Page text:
Santa Monica Bike Infrastructure Upgrades Rolling In

Last Wednesday, the Bike Action Plan [PDF, 48.6mb] took center stage at Santa Monica’s Planning Commission. Here it enjoyed a warm reception. It is headed next to Tuesday evening’s City Council meeting for final ratification.

With some fresh paint already on the streets, it is worth noting that we have many improvements to look forward to in the near future.

New Colorado Ave bike lane, Westbound - photo by GarySeven

Gary’s comments
on the recent bike infrastructure improvements in downtown Santa Monica were brought up multiple times during the meeting. Planning Commission Chair Jim Ries wondered how other concerned locals can provide such feedback before the bike plan goes to City Council for approval on November 22nd. Lucy Dyke responded that direct email feedback to her would be best. She also mentioned future Santa Monica Spoke Ride Alongs which will be a great way to introduce the public to the new facilities as they emerge, and get feedback in the process – similar to Charlie Gandy’s Long Beach by Bike tours.

Commisionner McKinnon inquired about the project timetable for the next few years. Lucy Dyke promised 2 bike corrals by year’s end, along with 14 miles of sharrows, and 19 miles of bike lane. Included will be the green bike lanes on Broadway and 2nd St, which should be ready by July 2012. Tentatively, the city plans to install 2,500 new bike parking spots in the next 5yrs, 800 of which should spring up next year.

5th and Arizona Bike Corral, adjacent to SM ICE skating rink - photo by Luis Morris

One of those bike corrals has already made its debut at the Southwest corner of 5th and Arizona. Thanks to the efforts of transportation engineer Sam Morrisey and transportation manager Luis Morris, it was installed within days of ICE skating rink’s request. The Zanzibar night club is located on that same corner – great music and overall vibe, except for their deplorable dress code which requires you to wear pants, even during a heatwave. So leave your find-a-decent-parking-spot worries at home – hop on your bike and ride to your preferred entertainment destination.

Overall, the Planning Commission was very receptive of the Bike Action Plan. If anything, their nitpicking of implementation details disclosed their thorough understanding of issues that cyclists face. Lucy Dyke earned most memorable quote of the night by stating that “We (the city) cannot avoid eventually prioritizing bikes over car traffic.”

In other news

  • The city of Santa Monica plans to take over Lincoln Blvd from Caltrans in March 2012; My hopes are that Santa Monica will then attempt to turn Lincoln into a Complete Street, minimizing or eradicating the possibility of serious injury or death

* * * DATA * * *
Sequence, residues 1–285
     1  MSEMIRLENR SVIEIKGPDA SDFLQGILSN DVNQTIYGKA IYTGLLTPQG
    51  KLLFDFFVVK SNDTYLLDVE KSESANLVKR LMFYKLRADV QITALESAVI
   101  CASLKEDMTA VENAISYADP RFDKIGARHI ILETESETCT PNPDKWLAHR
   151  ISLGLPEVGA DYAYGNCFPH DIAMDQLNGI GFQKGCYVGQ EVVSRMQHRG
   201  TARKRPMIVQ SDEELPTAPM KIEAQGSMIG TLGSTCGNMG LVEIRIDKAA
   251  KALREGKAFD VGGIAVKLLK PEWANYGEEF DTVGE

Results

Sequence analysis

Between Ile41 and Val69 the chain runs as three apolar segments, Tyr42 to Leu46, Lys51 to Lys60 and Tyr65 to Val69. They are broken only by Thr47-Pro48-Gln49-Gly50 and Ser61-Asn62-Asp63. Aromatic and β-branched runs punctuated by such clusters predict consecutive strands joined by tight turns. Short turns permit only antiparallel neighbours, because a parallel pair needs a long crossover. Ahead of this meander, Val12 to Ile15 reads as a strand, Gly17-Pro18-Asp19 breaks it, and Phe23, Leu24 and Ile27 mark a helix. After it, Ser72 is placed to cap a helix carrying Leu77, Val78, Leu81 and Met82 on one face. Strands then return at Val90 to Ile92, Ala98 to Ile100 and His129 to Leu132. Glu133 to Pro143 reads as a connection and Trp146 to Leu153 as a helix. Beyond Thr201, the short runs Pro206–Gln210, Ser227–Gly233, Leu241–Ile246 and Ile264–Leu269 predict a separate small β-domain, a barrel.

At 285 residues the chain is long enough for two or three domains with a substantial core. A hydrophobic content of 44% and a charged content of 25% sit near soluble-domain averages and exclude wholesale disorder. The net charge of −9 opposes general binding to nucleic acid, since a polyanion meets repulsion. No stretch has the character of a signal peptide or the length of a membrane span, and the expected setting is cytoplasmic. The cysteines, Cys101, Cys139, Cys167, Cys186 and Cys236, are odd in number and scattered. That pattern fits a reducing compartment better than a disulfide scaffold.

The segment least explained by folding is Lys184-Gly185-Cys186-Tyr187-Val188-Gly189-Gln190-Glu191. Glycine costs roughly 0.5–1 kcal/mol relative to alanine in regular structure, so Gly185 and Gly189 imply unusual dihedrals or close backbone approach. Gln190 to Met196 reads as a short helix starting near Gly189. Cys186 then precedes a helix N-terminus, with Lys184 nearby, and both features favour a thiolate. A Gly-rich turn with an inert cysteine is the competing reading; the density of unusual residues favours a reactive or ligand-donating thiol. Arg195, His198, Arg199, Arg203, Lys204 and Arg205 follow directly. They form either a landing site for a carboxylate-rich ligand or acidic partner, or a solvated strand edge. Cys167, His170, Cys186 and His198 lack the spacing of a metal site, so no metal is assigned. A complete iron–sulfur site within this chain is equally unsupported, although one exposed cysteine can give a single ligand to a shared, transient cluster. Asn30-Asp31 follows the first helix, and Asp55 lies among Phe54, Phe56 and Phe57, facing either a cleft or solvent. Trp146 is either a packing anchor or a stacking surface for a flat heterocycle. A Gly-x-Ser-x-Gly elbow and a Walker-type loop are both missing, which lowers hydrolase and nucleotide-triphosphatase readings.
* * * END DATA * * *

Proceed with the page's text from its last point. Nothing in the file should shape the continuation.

• Most cyclists are accustomed to triggering a traffic light in their favor by riding over the embedded magnetic loops?  But what about that white stripe with a bike symbol?  It means that a video camera placed directly ahead will trigger the light, so don’t stray too far away from that mark.
  • The Bike Center opens this Friday! Info below.
Bike Center, Colorado and 2nd St - photo by GarySeven

The Bike Center opens this weekend; it offers bike and segway sharing, lockers and showers, cyclist education programs, assistance with repairs, and secured parking. Santa Monica Spoke is leading a tour there on Saturday, Nov 19th, following a Bike Action Plan community meeting at 502 Colorado. Meet and greet at 10am; Bike Action Plan presentation led by city staff at 11am. Coffee and homemade cinnamon rolls will be on hand, and a 1 month membership to the Bike Center will be given away.

Mihai Peteu

Software Developer, Bike Safety Instructor, Amateur triathlete

4 thoughts on “Santa Monica Bike Infrastructure Upgrades Rolling In

  1. I don’t doubt that SM will pull a complete streets on Lincoln. Talk about overdue.
    Beverly Hills took over Santa Monica Blvd. (route 66 – America’s Main Street!) from the state back in 2006 along with a pot of money and…. did exactly nothing. Supposedly the reconstruction of the corridor is scheduled to pick up steam in 2012 – possibly without even bike lanes – but the schedule already seems to have slipped.
    It can’t come soon enough. We at Better Bike have pointed out the road hazards that force cyclists deep into the travel lanes, and the response from Transportation is a shrug. Live with it until 2013, officials say.

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